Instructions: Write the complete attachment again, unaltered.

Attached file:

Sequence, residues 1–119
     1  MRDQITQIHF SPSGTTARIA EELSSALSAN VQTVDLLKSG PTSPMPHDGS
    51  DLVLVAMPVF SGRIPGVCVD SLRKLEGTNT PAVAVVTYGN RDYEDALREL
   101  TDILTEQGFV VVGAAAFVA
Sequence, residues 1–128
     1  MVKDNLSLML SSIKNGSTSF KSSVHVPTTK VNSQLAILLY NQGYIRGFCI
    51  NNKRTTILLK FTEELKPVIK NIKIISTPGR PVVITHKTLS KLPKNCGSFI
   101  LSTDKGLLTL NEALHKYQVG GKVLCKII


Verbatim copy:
Sequence, residues 1–119
     1  MRDQITQIHF SPSGTTARIA EELSSALSAN VQTVDLLKSG PTSPMPHDGS
    51  DLVLVAMPVF SGRIPGVCVD SLRKLEGTNT PAVAVVTYGN RDYEDALREL
   101  TDILTEQGFV VVGAAAFVA
Sequence, residues 1–128
     1  MVKDNLSLML SSIKNGSTSF KSSVHVPTTK VNSQLAILLY NQGYIRGFCI
    51  NNKRTTILLK FTEELKPVIK NIKIISTPGR PVVITHKTLS KLPKNCGSFI
   101  LSTDKGLLTL NEALHKYQVG GKVLCKII